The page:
SASKATOON, July 28 /CNW/ - Researchers at the Health Quality Council and
the University of Saskatchewan will be the first to rigorously evaluate
a quality improvement program designed to help nurses and other care
providers reduce the time they spend on administrative tasks or
retrieving medical supplies, so that they can spend more time with their
The researchers have received nearly $500,000 in grant funding from the
Canadian Institutes of Health Research and Saskatchewan Health Research
Foundation to study the effect of the Releasing Time to Care™ (RTC)
program on patient outcomes (e.g., Does it improve patient satisfaction
with care? Does it reduce readmissions to hospital?) and on the quality
of work-life for nurses (e.g., Does it increase job satisfaction? Does
it reduce sick time?).
"We also want to learn what factors in the ward, hospital, or health
region influence the program's results. This information will be
invaluable to others who want to implement the Releasing Time to Care™
program," says Marlene Smadu, Chair of the Health Quality Council.
Over the study period (July 2010-March 2013), RTC will be implemented on
33 hospital units (20 hospitals) in Saskatchewan and several hospitals
in Ontario. The study will involve detailed analyses of care time data
gathered by nurses during the course of their work as well as data from
provincial hospital and health human resource databases, patient and
nurse surveys, interviews of nurses and health care leaders, and
analysis of relevant policy and procedures documents from hospitals.
The CIHR grant was awarded from its Partnerships for Health Systems
Improvements (PHSI) program, which requires local and/or provincial
financial partnership and participation of health system decision-makers
on the research team in order to qualify for the grant program.
Dr. Gary Teare, Director of Quality Measurement and Analysis at the
Health Quality Council is leading the study. "This project received the
largest PHSI grant in the country, from the Fall 2009 competition. It
was also the only PHSI grant awarded outside of Ontario, Quebec and
British Columbia. This was due, in large part to the enthusiastic
partnership of the Saskatchewan Health Research Foundation, Saskatchewan
Union of Nurses/Government of Saskatchewan Partnership, and the Health
The Change Foundation in Ontario has also committed in-kind support for
comparative research on RTC implementation in that province. The
combined cash and in-kind resources committed to the three-year project
from granting agencies and partners is just over $3 million.
The research team includes researchers from the universities of
Saskatchewan, Alberta, Toronto and King's College London, UK. It also
includes government and health care decision-makers from Saskatchewan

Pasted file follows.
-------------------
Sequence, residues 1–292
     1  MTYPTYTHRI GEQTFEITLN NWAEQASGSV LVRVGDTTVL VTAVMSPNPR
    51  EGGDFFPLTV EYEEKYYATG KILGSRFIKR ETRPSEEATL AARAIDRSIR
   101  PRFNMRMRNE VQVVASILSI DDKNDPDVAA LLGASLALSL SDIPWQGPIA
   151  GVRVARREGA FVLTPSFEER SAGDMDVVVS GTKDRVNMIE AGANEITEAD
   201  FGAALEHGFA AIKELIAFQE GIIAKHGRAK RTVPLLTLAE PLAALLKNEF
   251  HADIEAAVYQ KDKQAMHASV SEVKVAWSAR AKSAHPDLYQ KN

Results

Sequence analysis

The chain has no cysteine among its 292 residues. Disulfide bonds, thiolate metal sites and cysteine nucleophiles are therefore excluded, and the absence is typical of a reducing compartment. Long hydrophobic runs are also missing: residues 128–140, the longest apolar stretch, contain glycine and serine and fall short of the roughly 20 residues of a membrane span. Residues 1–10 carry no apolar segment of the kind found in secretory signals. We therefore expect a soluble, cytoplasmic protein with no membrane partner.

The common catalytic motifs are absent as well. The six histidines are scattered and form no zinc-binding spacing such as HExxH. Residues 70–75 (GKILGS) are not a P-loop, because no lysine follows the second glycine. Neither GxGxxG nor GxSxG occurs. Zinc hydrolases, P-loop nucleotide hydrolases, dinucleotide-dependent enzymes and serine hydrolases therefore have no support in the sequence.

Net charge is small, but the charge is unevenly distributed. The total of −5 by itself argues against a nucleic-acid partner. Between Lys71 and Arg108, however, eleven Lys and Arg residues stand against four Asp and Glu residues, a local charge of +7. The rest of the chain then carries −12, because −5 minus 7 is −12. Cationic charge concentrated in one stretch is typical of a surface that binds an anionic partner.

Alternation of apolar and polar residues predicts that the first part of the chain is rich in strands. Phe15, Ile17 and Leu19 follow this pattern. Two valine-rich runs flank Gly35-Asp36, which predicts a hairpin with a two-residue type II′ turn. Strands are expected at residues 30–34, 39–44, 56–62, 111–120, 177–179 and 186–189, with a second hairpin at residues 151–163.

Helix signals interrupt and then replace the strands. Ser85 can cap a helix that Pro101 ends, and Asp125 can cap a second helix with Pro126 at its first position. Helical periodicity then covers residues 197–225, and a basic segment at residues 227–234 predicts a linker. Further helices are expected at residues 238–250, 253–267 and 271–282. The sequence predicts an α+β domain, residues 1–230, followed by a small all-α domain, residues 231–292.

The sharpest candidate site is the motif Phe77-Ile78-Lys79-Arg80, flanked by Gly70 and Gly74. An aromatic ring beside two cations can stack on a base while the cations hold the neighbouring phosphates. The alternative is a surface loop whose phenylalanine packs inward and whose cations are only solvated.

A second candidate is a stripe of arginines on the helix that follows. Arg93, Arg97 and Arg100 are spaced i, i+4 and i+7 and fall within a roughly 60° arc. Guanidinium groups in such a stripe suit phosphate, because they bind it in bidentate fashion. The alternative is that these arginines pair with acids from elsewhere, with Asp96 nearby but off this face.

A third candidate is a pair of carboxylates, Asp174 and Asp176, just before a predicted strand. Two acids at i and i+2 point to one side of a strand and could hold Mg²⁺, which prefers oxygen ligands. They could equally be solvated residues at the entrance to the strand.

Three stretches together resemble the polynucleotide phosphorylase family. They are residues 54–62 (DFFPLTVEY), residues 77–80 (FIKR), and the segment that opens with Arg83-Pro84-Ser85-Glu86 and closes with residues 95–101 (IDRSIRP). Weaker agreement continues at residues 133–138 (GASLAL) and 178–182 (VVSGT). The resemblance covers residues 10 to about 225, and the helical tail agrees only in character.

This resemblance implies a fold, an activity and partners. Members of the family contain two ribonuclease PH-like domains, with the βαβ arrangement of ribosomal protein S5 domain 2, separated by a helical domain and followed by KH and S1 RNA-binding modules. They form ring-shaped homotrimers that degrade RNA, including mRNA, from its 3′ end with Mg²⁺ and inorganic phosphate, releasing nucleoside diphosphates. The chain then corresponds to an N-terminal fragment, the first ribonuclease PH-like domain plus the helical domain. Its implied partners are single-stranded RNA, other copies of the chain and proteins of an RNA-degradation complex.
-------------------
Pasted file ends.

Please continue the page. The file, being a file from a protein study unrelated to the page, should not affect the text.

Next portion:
Co-principal investigators are: Dr. Gary F. Teare (Department of
Community Health and Epidemiology, University of Saskatchewan and Health
Quality Council) and Dr. G. Ross Baker (University of Toronto).
The investigative team from Saskatchewan includes: Drs. Tanya Verrall
and Ozlem Sari (Health Quality Council), Dr. Nazmi Sari (Department of
Economics, University of Saskatchewan), Dr. Phil Woods (Faculty of
Nursing, University of Saskatchewan), Dr. Elizabeth Quinlan (Sociology
Department, University of Saskatchewan), and Saskatchewan health system
decision-makers: Lynn Digney-Davis (Ministry of Health), Bonnie Brossart
and Kyla Avis (Health Quality Council), and Lawrence LeMoal
(Saskatchewan Union of Nurses).
Investigators from outside Saskatchewan include: Dr. Anne Sales
(University of Alberta), Drs. Peter Griffiths and Anne Maben (King's
College, London, UK). Partnership in the Ontario research includes team
members from The Change Foundation and the Ontario Ministry of Health
and Long-term Care.
The Releasing Time to Care™ program was developed by the National Health
Service Institute for Innovation and Improvement in England and it is
being used to improve patient care in the UK, Saskatchewan, Ontario,
Australia, and New Zealand.
The Health Quality Council is an independent agency that works
closely with health regions, providers, and government to accelerate
improvement in Saskatchewan's health care system. HQC is fulfilling this
mission by measuring and reporting on quality, building leadership and
capability for improvement, engaging providers, and informing health
SOURCE Health Quality Council
For further information: For further information:
Sheila Ragush, Communications Consultant
Health Quality Council
(306)668-8810, ext. 113, firstname.lastname@example.org